Review: This one was probably the best of the three. Despite it being slow at times, it was a good story and even includes an avalanche that buries a cabin that her and her former lover had taken refuge in, which they subsequently had to be rescued from. The thinking and behavior of the characters was rather hard to relate to however, because I just can’t relate to people thinking or acting that way, but then again, it was a different time back then, and people’s ways of thinking were different as well. While slow at times, the story is told well, and any confusion you have about who these people are and their relationships with each other are all cleared up as the story progresses. The camera work was noticeably better in this film than in Harakiri, and shows a definitely improvement in technique. This one had it’s good points and it’s bad points, but all in all, it wasn’t too bad.
Four Around the Woman (1921) – A woman’s husband, who is a well known broker, and rather famous for the beauty of his wife, gets involved with jewel fencing in an effort to get an expensive present for his wife. She had once had a love affair with a man, before she married her husband, and never stopped loving him. The marriage to her husband was an arranged marriage, and her husband was constantly troubled by the fact that he never really knew the full story of his wife’s former love affair, and was never convinced that she was over it. To this end, he comes up with a plan to send the man he suspected of being his wife’s lover a note asking him to meet her, to find out if he was the man she was still in love with. It turned out to be his twin brother, but eventually the truth comes out, and it will change all of their fates forever.
Review: Of the three, this film was probably the hardest to follow, at least until near the end when things started resolving. While the story itself wasn’t all that memorable, there were other things in this film that were. For example, the scene at the beginning of the brokers sitting around in this club with a really nifty circular bar. The whole look of the place, and the way everyone was dressed was really fascinating. It really is like stepping back in time so you can get a real feel and understanding of how things were back then. It’s funny how little things like that can stick with you so strongly, while others are so easily forgotten. This one wasn’t as drenched in drama as the others, and as such, didn’t feel as heavy or slow.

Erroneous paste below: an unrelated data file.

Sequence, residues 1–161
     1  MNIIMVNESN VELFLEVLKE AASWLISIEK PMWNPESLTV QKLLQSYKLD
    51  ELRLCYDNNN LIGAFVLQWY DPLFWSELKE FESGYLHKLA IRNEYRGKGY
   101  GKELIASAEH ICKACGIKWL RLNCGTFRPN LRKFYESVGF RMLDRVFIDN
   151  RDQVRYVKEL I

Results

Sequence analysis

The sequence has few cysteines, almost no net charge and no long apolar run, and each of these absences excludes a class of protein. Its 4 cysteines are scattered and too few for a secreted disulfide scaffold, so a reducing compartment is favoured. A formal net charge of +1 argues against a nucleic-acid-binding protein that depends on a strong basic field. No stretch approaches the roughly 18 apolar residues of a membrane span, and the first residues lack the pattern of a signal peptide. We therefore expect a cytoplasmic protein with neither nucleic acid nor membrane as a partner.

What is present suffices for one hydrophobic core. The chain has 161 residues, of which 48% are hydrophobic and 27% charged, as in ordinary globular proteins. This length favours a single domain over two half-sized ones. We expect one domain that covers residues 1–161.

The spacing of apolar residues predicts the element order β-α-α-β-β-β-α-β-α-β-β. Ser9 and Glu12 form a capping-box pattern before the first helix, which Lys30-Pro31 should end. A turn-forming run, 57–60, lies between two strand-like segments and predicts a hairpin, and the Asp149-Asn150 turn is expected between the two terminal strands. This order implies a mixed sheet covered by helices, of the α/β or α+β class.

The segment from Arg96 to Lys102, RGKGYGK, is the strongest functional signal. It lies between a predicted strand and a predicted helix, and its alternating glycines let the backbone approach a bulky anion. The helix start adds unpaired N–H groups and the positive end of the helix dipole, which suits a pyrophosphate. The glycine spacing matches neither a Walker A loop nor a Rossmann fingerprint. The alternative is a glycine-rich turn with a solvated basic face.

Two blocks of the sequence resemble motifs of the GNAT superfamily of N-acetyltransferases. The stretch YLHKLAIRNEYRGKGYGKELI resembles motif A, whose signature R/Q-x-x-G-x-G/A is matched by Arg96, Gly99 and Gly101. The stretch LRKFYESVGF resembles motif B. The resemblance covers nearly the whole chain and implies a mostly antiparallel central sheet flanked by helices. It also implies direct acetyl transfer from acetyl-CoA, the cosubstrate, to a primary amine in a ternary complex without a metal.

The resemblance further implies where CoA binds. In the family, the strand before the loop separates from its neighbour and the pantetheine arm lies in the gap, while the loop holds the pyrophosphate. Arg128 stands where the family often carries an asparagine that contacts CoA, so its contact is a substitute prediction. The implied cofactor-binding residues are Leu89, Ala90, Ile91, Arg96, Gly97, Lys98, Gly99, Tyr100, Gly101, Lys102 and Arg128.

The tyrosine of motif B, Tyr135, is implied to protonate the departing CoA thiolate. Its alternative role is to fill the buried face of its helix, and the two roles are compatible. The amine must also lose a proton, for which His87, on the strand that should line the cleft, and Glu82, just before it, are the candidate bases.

You know, when you watch these films, you can see bits of Lang’s vision, but you’d never expect him to go on to craft such large scale epics as Metropolis, Die Nibelungen, Krimehild’s Revenge and others. He developed as a film maker in ways that were just amazing, and these three films show the progression of that development.
However, these films all suffer from one common problem. They’re all missing a considerable amount of footage. These films are all taken from prints that were sent in edited form to be shown in Brazil, and each is missing quite a bit of footage when the meter length is compared to what was listed for the original versions of the films as they were registered. This could explain a lot of the confusion you may feel in the different stories, but I have a feeling you’ll be thankful it is missing when you see how slow these stories can be. Still, it sucks, because this is film history, and knowing that chunks of it have been lost…it’s just a tragedy.
Fans of Fritz Lang, or of silent films in general, may be interested to see these films, and to observe how he developed as a film maker. Back then, it was all still relatively new, and new techniques and styles were constantly being developed, and these films will give you a good feel for where Lang came from and where he was headed.
If you’d like to find out more about this release, you can check out its page on the Kino Lorber website here, and if you’d like to pick up a copy for yourself, you can get the DVD set from Amazon here, or from any of the other usual outlets.